As someone who was first introduced to the Nets in the 1990s, I’ve retained some real fondness for the 1997-98 team. While only winning 43 games and getting swept away by the eventual NBA Champion Chicago Bulls in the first round of the playoffs, the 97-98 group was just an entertaining group of players: Sam Cassell hitting big shot after big shot, Keith Van Horn when he was “the next Larry Bird,” Jayson Williams owning the boards, Kerry Kittles streaking down the court and lining up for a three. And that team was led by a young, intelligent coach coming off a great little run in the NCAA – you might have heard of him the past 24 hours – John Calipari.
When it comes to Nets lore, the 97-98 team probably gets lost in the shuffle. The Jason Kidd era showed how the Nets could be both fun and talented. Plus the following season was a disaster for the Nets. The 1999-2000 season was already shortened by the lockout, and when play resumed, a Nets team that had shown so much promise, nosedived. You got the sense that Calipari, who was about as energetic and wiry as they come, was starting to rub his players the wrong way. Jayson Williams, who would later tarnish his own legacy with other issues, was very candid about his dislike for Calipari. They started the season 3-17 and Cailpari was fired. It wasn’t until they exchanged Stephon Marbury for Jason Kidd that the Nets were a relevant part of the NBA again.
I guess that’s what Calipari does. While it may not be intentional, he now has a solid steak of coming to a team and giving the fans some hope before leaving behind a path of destruction. Yesterday, it was revealed that the NCAA was stripping the 2008 University of Memphis Tigers of its tournament victories for using an ineligible player, which is believed to be Derek Rose, now of the Chicago Bulls. That Memphis team (with current Net Chris Douglas-Roberts) made it to the championship game and was coached by Calipari. Calipari was also coach of the 1996 University of Massachusetts Final Four team, which had to vacate its record because then-player Marcus Camby accepted gifts and money from an agent. Calipari was cleared of any wrong-doing, but all of this has to make you think why controversy always seems to be following a Calipari.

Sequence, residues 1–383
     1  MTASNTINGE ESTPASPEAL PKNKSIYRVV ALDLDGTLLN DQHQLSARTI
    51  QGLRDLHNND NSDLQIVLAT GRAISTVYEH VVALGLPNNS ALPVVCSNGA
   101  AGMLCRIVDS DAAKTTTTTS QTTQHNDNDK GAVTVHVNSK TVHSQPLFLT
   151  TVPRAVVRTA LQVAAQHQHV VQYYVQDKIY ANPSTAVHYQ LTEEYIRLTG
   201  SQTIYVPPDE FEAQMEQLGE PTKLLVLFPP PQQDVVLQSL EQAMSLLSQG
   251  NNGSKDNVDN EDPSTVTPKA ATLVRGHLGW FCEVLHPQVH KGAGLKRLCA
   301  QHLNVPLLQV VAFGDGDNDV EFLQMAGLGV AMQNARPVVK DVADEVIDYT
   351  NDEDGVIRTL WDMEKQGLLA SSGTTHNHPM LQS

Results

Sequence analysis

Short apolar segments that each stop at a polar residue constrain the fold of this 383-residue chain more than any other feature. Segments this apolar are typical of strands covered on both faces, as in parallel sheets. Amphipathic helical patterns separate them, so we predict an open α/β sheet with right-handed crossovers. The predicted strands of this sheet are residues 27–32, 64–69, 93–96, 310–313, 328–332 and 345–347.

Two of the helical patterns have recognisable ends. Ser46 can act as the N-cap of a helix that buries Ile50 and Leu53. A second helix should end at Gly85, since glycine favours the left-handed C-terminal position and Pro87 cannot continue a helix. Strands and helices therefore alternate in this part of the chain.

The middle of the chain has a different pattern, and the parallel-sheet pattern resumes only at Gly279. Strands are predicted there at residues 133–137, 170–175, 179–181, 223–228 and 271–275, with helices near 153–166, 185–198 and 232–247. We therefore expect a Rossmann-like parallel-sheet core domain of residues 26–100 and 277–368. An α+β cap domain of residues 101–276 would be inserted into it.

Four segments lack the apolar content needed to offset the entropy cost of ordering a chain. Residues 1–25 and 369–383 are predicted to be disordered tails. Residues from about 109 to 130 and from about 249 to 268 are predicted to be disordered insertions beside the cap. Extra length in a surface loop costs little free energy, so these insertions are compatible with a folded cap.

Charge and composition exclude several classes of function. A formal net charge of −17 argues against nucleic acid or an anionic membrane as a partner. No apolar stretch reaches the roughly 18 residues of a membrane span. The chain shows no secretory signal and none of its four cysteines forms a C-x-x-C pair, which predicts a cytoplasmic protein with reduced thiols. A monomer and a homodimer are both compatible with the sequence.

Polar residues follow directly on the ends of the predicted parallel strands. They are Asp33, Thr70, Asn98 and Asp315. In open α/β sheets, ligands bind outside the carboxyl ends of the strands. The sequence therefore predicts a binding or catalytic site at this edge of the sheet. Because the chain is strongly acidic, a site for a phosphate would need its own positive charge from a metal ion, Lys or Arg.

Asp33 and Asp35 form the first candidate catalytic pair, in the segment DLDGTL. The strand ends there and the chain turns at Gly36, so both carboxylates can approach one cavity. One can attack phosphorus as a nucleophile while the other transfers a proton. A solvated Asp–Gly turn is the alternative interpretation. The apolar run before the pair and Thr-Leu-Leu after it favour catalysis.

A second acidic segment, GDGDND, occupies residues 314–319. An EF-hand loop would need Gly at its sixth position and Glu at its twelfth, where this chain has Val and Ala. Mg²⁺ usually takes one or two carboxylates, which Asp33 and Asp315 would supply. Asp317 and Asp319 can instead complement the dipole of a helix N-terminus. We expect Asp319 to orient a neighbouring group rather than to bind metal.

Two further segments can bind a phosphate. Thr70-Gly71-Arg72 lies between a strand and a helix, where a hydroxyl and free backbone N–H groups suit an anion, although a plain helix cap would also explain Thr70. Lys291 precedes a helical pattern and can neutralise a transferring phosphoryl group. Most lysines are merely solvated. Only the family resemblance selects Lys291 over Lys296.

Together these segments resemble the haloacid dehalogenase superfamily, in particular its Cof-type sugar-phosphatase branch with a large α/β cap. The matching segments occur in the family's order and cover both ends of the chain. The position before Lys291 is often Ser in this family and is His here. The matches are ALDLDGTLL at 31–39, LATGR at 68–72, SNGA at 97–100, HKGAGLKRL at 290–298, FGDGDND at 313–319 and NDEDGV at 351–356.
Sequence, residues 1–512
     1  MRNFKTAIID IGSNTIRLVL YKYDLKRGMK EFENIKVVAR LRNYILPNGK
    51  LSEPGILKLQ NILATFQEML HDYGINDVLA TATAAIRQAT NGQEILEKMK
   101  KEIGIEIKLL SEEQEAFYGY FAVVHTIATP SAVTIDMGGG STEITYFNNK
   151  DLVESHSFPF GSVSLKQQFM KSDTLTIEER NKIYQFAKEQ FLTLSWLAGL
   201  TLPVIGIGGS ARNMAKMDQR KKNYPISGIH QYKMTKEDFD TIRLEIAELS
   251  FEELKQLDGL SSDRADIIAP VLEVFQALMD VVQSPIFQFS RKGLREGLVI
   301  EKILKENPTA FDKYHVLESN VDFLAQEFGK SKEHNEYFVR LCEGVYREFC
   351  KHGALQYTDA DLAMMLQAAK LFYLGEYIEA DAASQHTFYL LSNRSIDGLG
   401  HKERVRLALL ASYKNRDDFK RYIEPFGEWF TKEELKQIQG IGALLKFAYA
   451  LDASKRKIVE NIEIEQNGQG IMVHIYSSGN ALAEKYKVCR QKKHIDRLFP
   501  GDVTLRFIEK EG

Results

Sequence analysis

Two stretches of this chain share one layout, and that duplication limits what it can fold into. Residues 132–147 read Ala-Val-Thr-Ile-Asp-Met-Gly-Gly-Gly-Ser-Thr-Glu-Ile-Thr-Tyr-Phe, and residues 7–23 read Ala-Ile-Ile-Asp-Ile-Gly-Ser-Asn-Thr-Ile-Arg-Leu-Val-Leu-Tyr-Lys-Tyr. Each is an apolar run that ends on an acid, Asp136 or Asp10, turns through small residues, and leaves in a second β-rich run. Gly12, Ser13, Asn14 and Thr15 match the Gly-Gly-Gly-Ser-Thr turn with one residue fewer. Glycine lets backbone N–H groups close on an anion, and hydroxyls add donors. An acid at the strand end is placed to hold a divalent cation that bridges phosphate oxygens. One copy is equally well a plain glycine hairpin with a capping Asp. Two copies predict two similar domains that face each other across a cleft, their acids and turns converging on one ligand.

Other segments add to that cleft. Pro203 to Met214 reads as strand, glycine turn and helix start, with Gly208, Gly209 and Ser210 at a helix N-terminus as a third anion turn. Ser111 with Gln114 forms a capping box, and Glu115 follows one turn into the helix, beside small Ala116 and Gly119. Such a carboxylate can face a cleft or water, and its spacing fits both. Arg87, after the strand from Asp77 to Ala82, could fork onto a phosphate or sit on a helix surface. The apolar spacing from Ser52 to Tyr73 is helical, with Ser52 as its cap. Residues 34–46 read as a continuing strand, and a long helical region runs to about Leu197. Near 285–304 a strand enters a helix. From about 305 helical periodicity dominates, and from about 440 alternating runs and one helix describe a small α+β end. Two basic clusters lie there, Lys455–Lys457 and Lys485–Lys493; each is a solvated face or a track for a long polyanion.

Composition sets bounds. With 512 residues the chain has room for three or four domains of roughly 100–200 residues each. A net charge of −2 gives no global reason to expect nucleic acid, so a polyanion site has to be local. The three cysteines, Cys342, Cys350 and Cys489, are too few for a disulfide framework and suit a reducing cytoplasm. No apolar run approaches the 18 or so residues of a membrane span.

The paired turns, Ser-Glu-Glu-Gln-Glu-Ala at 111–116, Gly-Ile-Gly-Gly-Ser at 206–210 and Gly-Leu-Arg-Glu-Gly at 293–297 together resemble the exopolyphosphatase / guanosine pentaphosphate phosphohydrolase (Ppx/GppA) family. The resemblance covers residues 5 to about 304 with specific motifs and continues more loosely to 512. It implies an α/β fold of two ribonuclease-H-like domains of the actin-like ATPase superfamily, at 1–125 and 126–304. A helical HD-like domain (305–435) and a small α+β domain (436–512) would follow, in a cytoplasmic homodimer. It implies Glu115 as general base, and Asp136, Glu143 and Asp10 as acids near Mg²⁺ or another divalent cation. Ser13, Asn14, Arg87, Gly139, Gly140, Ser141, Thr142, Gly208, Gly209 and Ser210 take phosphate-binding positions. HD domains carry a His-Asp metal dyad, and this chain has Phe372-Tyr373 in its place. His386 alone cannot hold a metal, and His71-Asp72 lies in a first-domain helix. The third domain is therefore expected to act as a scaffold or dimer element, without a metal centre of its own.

I will always have my memories of the 97-98 Nets team. I’ll always remember how they almost caught the Bulls napping in game one of their series, making, what was by all accounts, an invincible team, have to scratch and claw their way to a victory. I remember Slam Magazine putting Cassell, Van Horn, Williams, Kittles and Kendall Gill on the cover – marking the first time I ever purchased Slam. But when I go back and recall the Calipari era in New Jersey, I always get a bitter taste in my mouth. And it seems like now Memphis Tigers fans will now get the taste, when they look back at their own Calipari years.
Posted by Mark Ginocchio